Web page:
Health and happiness go hand-in-hand. Recreation and staying active are key ingredients of life altering health habits that give significant returns on investment.
Good health helps you to be at your best at home, profession and community. The best present you can give your family is good health.
Being in good shape gives you the ability to work long hours without getting tired. There is a limit for all of us but being healthy supports an early to bed – very early to rise lifestyle.
Consider the deep meanings of exercise and why it is smart to maximize the gift of movement.
Walking and running support positive rewards, including release of stress, getting stronger and improving mental health. Trails nudge us into moving more. Condition yourself to think positive and release negative vibes. People with positive attitudes are happy.
Happiness comes from experiences, not material things. Enjoy the journey. It can be hard, like training for a marathon, but there are valuable lessons learned along the way, like perseverance, hard work, self-discipline and goal achievement. Fun comes every day, not just when you cross the finish line.
Understand there will be ups-and-downs. That doggone human trait that we all make mistakes happens all the time. Behavior change takes much time.
Gardening is another super recreation activity with additional benefits – a healthy diet. Fresh vegetables are the best but preserved Brussels sprouts, beans, corn, carrots and beets were tasty reminders over the holiday break the garden supports a Mediterranean type diet year-round.
The parks-recreation profession provides much happiness by offering activities that serve others with value – Special Olympics, youth fishing derbies and Seniors Art4Life, to name a few. Volunteering has a reciprocal happiness effect.
Writing is another favored leisure activity. A gratitude journal, writing down at least one good thing that happens every day, reminds you about the good things in life. Thankfulness is conveyed by handwriting personal notes, including about 250 Christmas cards. One should never be too busy to take the time to express thanks and gratitude.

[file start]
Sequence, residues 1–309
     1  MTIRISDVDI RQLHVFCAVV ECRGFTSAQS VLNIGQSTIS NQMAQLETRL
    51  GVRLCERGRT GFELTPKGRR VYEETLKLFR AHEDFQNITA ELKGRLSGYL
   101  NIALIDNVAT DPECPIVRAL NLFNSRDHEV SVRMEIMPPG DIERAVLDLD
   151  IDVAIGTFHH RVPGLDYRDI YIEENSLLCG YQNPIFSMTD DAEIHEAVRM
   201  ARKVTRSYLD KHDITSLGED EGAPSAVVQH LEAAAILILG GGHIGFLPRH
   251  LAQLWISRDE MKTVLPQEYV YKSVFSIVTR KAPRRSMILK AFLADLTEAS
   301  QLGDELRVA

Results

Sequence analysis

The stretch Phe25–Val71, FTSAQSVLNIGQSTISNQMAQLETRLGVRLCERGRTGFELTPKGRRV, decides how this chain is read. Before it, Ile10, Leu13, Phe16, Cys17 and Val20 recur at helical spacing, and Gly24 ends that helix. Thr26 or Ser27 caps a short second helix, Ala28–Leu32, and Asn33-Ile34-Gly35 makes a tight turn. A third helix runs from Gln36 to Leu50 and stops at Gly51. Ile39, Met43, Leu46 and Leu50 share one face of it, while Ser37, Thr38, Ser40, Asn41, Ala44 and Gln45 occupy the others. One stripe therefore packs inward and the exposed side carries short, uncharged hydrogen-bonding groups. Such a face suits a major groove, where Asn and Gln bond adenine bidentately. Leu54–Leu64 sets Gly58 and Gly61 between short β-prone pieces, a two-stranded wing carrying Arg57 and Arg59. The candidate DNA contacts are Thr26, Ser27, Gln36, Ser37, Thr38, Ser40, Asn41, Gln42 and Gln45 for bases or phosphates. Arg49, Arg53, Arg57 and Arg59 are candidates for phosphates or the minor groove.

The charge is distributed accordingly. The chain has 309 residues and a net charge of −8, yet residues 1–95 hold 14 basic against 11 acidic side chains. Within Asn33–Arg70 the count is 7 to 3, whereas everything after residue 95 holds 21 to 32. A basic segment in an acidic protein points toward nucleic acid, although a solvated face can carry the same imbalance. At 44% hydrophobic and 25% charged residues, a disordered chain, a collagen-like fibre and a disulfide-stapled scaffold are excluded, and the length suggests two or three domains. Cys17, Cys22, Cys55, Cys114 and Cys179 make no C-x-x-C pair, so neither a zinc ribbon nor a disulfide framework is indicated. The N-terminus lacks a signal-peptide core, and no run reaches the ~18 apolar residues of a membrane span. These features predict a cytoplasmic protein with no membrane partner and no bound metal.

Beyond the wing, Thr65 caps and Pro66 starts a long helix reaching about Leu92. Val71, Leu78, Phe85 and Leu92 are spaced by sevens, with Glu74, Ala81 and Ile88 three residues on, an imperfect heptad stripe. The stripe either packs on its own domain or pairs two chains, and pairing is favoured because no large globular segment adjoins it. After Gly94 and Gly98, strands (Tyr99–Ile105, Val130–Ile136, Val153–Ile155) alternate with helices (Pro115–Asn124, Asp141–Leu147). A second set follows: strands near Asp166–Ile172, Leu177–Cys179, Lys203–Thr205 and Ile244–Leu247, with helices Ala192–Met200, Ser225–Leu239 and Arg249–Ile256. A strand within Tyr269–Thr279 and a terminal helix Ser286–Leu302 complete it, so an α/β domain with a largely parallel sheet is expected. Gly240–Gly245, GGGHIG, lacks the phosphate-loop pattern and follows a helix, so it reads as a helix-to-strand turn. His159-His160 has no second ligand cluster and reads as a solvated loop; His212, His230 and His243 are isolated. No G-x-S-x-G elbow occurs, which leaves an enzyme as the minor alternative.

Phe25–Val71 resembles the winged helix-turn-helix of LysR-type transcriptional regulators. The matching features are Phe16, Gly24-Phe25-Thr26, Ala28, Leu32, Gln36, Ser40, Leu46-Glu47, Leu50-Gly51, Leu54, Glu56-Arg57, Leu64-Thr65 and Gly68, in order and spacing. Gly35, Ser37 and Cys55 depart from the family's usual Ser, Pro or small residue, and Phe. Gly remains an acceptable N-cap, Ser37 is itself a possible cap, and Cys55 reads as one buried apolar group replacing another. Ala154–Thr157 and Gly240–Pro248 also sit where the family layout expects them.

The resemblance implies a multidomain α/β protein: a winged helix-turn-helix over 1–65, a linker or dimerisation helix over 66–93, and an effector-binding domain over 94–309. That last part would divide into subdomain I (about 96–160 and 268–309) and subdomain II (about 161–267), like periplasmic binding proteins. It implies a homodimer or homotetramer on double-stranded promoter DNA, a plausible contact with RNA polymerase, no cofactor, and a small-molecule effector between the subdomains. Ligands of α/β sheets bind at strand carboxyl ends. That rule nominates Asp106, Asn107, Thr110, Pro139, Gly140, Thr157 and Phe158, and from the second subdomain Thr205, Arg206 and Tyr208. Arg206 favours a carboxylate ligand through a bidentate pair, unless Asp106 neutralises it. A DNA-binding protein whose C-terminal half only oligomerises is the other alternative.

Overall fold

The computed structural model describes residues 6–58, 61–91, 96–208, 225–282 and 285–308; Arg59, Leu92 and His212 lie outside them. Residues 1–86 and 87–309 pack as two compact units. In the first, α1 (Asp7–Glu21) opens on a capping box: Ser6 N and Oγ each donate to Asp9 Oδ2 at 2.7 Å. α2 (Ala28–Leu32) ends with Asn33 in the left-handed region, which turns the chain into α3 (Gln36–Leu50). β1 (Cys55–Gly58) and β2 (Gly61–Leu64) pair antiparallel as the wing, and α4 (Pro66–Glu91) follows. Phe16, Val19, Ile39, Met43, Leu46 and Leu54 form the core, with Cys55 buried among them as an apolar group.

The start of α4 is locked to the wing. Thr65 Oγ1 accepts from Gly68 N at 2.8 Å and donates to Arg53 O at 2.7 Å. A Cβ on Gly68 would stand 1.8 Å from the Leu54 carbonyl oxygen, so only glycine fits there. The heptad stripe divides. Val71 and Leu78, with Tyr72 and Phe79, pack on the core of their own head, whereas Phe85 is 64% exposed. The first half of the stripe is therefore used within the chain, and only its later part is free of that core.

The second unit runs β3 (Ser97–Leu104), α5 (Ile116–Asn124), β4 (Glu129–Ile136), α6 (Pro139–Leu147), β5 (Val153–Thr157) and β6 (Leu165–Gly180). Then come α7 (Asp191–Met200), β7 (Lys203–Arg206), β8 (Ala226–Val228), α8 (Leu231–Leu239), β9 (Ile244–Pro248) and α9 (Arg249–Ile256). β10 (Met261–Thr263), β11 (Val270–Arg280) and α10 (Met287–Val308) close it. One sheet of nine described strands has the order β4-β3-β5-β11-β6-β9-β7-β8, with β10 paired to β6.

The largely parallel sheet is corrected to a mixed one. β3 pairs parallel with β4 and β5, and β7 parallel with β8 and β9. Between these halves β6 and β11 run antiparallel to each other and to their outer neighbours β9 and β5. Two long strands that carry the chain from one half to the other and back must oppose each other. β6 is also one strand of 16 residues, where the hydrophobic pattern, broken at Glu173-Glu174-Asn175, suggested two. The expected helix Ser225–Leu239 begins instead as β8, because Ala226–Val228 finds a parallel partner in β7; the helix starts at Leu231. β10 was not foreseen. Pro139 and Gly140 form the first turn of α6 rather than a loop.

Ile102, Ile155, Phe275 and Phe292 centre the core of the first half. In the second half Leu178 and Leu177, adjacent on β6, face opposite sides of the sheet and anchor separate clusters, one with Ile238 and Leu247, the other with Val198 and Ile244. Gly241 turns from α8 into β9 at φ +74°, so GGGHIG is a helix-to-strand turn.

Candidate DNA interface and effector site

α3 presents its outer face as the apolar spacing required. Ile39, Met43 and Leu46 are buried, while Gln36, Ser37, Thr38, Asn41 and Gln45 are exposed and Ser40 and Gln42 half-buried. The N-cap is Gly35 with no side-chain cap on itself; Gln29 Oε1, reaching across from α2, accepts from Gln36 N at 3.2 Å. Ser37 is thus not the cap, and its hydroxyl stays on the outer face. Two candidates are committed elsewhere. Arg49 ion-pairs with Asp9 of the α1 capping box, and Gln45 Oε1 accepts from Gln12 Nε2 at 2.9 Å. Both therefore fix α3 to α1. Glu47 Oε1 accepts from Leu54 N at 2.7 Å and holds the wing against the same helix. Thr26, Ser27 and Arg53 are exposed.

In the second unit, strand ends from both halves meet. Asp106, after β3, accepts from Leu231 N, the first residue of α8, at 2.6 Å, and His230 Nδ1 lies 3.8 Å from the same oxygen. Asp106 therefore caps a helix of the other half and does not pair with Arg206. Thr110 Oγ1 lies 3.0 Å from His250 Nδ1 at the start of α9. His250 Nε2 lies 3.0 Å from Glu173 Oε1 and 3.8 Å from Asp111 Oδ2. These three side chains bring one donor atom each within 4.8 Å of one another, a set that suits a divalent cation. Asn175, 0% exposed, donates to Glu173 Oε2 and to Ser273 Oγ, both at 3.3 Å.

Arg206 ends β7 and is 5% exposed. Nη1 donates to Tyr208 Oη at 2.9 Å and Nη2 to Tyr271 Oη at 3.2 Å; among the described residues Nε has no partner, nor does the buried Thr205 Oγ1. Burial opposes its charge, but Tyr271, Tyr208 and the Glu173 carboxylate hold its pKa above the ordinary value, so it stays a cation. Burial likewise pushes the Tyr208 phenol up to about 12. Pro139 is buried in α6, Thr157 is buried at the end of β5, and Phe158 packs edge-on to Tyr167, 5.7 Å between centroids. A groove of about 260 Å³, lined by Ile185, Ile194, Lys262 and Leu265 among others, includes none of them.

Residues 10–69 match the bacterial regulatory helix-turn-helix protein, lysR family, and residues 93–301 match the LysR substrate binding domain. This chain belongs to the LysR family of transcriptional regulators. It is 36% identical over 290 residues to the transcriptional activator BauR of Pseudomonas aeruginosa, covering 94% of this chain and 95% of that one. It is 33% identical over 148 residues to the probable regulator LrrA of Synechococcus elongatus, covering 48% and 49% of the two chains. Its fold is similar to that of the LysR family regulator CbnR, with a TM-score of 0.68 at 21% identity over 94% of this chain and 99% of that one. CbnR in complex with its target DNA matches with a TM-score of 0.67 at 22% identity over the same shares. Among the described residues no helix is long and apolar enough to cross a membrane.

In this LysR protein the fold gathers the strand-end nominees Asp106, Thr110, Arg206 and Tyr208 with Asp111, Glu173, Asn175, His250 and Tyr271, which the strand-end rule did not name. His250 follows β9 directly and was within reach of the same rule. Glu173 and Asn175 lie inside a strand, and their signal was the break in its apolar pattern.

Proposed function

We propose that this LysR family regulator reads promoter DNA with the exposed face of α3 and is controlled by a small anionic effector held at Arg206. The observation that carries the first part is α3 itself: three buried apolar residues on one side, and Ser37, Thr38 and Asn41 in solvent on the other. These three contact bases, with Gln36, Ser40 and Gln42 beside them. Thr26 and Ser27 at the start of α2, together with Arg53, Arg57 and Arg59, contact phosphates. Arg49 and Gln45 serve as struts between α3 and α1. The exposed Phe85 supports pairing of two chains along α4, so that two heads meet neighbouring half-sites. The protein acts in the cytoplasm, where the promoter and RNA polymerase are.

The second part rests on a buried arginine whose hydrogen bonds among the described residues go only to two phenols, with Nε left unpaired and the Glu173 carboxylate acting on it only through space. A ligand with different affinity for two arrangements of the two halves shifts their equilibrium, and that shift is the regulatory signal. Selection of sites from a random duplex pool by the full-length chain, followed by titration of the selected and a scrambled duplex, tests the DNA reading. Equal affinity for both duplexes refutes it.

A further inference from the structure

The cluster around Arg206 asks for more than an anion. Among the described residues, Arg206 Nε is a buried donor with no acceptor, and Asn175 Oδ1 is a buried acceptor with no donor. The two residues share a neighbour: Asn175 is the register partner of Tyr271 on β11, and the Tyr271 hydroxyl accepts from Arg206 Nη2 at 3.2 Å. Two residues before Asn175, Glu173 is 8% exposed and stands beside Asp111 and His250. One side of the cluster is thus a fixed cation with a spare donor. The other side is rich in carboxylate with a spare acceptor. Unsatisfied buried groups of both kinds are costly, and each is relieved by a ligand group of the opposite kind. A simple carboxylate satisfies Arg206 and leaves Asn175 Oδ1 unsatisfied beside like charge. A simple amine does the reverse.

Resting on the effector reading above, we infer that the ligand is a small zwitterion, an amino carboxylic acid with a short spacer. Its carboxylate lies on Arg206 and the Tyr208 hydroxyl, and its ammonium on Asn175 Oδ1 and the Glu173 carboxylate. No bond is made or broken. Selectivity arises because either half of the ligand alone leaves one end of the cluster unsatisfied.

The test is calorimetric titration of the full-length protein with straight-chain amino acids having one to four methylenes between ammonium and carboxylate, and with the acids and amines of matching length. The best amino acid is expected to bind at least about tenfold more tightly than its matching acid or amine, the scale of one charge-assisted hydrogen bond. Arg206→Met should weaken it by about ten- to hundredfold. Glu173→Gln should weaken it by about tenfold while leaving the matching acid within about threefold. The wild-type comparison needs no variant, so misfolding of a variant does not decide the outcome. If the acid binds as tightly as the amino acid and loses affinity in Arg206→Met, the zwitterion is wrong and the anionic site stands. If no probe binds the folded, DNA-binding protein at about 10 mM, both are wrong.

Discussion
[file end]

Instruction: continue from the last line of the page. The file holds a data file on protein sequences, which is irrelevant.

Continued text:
Do good things every day and write them down. We can’t change yesterday and though it’s good to plan for tomorrow, consider the value of your today minutes. Running is a time for contemplation, mindfulness, thought and positive focus. Replace every negative thought with positive. Manage yourself.
Reading is a quality leisure activity and a voracious habit, mostly for lifelong learning. Much of the information for this column was derived from a Humanities North Dakota article entitled “Finding the Heart of Health and Happiness” by Melanie Carvell.
Things happen when they have a personal bias. There is motivation to be physically fit for quality family time together. Strong family and social bonds are at the heart of our health and happiness. A case in point was Christmas break in Texas where it all paid off.
Father ran a few miles with daughter and son-in-law. We run at a pace where conversation is easily held, a smart thing to do while training.
Good health supported day-long attention to Grandson George. Walks and runs pushing a stroller, nature hikes checking out colorful and tasty plants, a walk on the white sand beaches of Galveston, Texas, watching thousands of ducks like black-bellied whistling ducks at Anahuac National Wildlife Refuge and swinging at a nearby playground were among highlights. All experiences, not material things.
Schedule exercise at the start of each week. Start little habits that eventually culminate into big things. Strength training, for example becomes really important as one ages. A little habit that works well is doing pushups after each run. After a few times, it becomes automatic.
Make your lifestyle one that embraces physical fitness, quality leisure, giving and healthy eating. Your attention to self-care will benefit many others.
Wayne Beyer is the director of Wahpeton Parks and Rec.